According to the Mitrokhin Archive, the Soviet Union deployed numerous active measures at the beginning of the intervention, spreading disinformation relating to both diplomatic status and military intelligence. These efforts focused on most countries bordering Afghanistan, on several international powers, the Soviet's main adversary, the United States, and neutral countries. The disinformation was deployed primarily by "leaking" forged documents, distributing leaflets, publishing nominally independent articles in Soviet-aligned press, and conveying reports to embassies through KGB residencies. Among the active measures pursued in 1980–1982 were both pro- and anti-separatist documents disseminated in Pakistan, a forged letter implying a Pakistani-Iranian alliance, alleged reports of U.S. bases on the Iranian border, information regarding Pakistan's military intentions filtered through the Pakistan embassy in Bangkok to the Carter Administration, and various disinformation about armed interference by India, Sri Lanka, Bangladesh, Nepal, Indonesia, Jordan, Italy, and France, among others.
Operations against the guerrillas, 1980–1985
The war now developed into a new pattern: the Soviets occupied the cities and main axis of communication, while the Afghan mujahideen, which the Soviet Army soldiers called 'Dushman,' meaning 'enemy', divided into small groups and waged a guerrilla war in the mountains. Almost 80 percent of the country was outside government control. Soviet troops were deployed in strategic areas in the northeast, especially along the road from Termez to Kabul. In the west, a strong Soviet presence was maintained to counter Iranian influence. Incidentally, special Soviet units would have[clarification needed] also performed secret attacks on Iranian territory to destroy suspected Mujahideen bases, and their helicopters then got engaged in shootings with Iranian jets. Conversely, some regions such as Nuristan, in the northeast, and Hazarajat, in the central mountains of Afghanistan, were virtually untouched by the fighting, and lived in almost complete independence.
Periodically the Soviet Army undertook multi-divisional offensives into Mujahideen-controlled areas. Between 1980 and 1985, nine offensives were launched into the strategically important Panjshir Valley, but government control in the area did not improve. Heavy fighting also occurred in the provinces neighbouring Pakistan, where cities and government outposts were constantly besieged by the Mujahideen. Massive Soviet operations would regularly break these sieges, but the Mujahideen would return as soon as the Soviets left. In the west and south, fighting was more sporadic, except in the cities of Herat and Kandahar, which were always partly controlled by the resistance.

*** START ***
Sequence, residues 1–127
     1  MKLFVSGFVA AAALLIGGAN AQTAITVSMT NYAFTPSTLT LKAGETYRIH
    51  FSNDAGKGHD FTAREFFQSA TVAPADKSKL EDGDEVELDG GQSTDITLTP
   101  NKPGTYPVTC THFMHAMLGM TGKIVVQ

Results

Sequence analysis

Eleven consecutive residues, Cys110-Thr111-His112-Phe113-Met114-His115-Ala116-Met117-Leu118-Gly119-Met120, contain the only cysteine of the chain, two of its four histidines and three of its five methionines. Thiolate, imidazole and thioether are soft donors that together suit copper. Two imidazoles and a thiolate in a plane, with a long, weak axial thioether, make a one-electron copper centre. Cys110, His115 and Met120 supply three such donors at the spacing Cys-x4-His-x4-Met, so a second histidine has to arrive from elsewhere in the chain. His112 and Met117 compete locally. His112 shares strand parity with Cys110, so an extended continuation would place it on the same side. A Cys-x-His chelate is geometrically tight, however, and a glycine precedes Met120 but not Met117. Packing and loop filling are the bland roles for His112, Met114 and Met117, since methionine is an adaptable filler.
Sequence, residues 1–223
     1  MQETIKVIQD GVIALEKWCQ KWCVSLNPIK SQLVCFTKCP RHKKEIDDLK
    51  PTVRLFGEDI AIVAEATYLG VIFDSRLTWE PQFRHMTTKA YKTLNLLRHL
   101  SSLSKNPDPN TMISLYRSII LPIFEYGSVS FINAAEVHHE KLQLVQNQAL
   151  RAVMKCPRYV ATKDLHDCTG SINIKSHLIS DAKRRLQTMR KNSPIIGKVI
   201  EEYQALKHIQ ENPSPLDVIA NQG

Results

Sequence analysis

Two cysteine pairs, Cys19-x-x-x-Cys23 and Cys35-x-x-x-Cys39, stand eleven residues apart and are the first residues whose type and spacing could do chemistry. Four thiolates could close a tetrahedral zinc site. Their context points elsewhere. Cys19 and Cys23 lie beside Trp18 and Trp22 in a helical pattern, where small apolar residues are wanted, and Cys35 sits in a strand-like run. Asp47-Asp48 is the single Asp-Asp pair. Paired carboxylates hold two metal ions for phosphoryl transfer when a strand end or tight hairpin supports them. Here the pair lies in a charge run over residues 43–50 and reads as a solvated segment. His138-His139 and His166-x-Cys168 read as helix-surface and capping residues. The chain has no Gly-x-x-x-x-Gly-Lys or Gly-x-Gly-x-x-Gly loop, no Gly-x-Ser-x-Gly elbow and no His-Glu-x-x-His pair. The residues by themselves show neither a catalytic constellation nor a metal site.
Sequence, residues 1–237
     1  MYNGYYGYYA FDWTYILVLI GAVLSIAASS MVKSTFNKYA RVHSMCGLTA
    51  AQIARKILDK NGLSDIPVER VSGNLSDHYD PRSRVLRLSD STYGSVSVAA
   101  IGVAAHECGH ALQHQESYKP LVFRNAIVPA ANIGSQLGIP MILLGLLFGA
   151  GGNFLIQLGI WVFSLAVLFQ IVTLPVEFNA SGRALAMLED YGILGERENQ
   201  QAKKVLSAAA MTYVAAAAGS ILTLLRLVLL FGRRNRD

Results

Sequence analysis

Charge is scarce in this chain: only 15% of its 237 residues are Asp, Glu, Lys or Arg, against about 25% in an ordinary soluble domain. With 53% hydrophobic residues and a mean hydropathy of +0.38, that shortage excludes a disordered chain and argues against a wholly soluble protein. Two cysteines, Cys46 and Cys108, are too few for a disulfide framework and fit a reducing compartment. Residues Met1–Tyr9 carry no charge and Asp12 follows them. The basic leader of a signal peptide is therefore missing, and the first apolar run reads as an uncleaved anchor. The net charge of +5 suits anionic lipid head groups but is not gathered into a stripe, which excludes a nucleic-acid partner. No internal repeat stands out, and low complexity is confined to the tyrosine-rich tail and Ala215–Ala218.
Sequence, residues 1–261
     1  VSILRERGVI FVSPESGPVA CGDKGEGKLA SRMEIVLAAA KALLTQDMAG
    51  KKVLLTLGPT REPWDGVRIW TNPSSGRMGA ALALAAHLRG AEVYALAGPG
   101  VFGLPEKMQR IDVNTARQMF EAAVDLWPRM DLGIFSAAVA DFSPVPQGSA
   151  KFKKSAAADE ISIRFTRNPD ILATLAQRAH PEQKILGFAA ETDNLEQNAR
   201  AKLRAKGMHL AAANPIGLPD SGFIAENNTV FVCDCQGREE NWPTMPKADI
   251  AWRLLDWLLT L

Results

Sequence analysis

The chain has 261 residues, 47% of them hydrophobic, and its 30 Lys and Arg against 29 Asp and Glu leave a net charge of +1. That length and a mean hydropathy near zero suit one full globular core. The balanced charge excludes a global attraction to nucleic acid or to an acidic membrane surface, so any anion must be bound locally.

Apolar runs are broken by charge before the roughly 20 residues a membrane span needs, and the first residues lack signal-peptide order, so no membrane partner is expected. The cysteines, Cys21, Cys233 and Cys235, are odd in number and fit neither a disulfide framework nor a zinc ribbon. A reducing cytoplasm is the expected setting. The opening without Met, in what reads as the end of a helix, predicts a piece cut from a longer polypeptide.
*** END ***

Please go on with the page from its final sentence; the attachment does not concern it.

The Soviets did not initially foresee taking on such an active role in fighting the rebels and attempted to play down their role there as giving light assistance to the Afghan army. However, the arrival of the Soviets had the opposite effect as it incensed instead of pacified the people, causing the Mujahideen to gain in strength and numbers. Originally the Soviets thought that their forces would strengthen the backbone of the Afghan army and provide assistance by securing major cities, lines of communication and transportation. The Afghan army forces had a high desertion rate and were loath to fight, especially since the Soviet forces pushed them into infantry roles while they manned the armored vehicles and artillery. The main reason that the Afghan soldiers were so ineffective, though, was their lack of morale, as many of them were not truly loyal to the communist government but simply wanting a paycheck.
Once it became apparent that the Soviets would have to get their hands dirty, they followed three main strategies aimed at quelling the uprising. Intimidation was the first strategy, in which the Soviets would use airborne attacks and armored ground attacks to destroy villages, livestock and crops in trouble areas. The Soviets would bomb villages that were near sites of guerrilla attacks on Soviet convoys or known to support resistance groups. Local peoples were forced to either flee their homes or die as daily Soviet attacks made it impossible to live in these areas. By forcing the people of Afghanistan to flee their homes, the Soviets hoped to deprive the guerrillas of resources and safe havens. The second strategy consisted of subversion, which entailed sending spies to join resistance groups and report information, as well as bribing local tribes or guerrilla leaders into ceasing operations. Finally, the Soviets used military forays into contested territories in an effort to root out the guerrillas and limit their options. Classic search and destroy operations were implemented using Mil Mi-24 helicopter gunships that would provide cover for ground forces in armored vehicles. Once the villages were occupied by Soviet forces, inhabitants who remained were frequently interrogated and tortured for information or killed.
Afghanistan is our Vietnam. Look at what has happened. We began by simply backing a friendly regime; slowly we got more deeply involved; then we started manipulating the regime – sometimes using desperate measures – and now? Now we are bogged down in a war we cannot win and cannot abandon. [.,.] but for Brezhnev and company we would never have got into it in the first place. – Vladimir Kuzichkin, a KGB defector, 1982